Pride & Prejudice is a 2005 romantic drama film directed by Joe Wright, in his feature directorial debut, and based on Jane Austen's 1813 novel of the same name. The film features five sisters from an English family of landed gentry as they deal with issues of marriage, morality and misconceptions. Keira Knightley stars in the lead role of Elizabeth Bennet, while Matthew Macfadyen plays her romantic interest Mr. Darcy. Produced by Working Title Films in association with StudioCanal, the film was released on 16 September 2005 in the United Kingdom and on 11 November in the United States.
Screenwriter Deborah Moggach initially attempted to make her script as faithful to the novel as possible, writing from Elizabeth's perspective while preserving much of the original dialogue. Wright, who was directing his first feature film, encouraged greater deviation from the text, including changing the dynamics within the Bennet family. Wright and Moggach set the film in an earlier period and avoided depicting a "perfectly clean Regency world", presenting instead a "muddy hem version" of the time. It was shot entirely on location in England on a 15-week schedule. Wright found casting difficult due to past performances of particular characters. The filmmakers had to balance who they thought was best for each role with the studio's desire for stars. Knightley was well known in part from her role in the Pirates of the Caribbean film series, while Macfadyen had no international name recognition.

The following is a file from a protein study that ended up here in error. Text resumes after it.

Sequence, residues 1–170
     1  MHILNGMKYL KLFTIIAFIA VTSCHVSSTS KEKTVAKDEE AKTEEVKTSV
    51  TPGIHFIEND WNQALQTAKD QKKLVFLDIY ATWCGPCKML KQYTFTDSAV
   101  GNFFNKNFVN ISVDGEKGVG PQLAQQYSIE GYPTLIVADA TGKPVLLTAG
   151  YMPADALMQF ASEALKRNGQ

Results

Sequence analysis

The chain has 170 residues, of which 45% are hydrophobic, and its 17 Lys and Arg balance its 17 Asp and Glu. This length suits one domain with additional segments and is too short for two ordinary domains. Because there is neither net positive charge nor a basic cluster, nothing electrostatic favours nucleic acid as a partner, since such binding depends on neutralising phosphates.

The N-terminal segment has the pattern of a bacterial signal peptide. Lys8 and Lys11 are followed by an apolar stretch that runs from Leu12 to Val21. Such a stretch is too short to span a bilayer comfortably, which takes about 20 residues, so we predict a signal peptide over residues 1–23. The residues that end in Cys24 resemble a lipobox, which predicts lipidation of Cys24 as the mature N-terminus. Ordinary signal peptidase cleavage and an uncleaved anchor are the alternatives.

The film's themes emphasise realism, romanticism and family. It was marketed to a younger, mainstream audience; promotional items noted that it came from the producers of 2001's romantic comedy Bridget Jones's Diary before acknowledging its provenance as an Austen novel. Pride & Prejudice earned a worldwide gross of approximately $121 million, which was considered a commercial success. Pride & Prejudice earned a rating of 82% from review aggregator Metacritic, labelling it universally acclaimed. It received four nominations at the 78th Academy Awards, including Best Actress for Knightley. Austen scholars have opined that Wright's work created a new hybrid genre by blending traditional traits of the heritage film with "youth-oriented filmmaking techniques".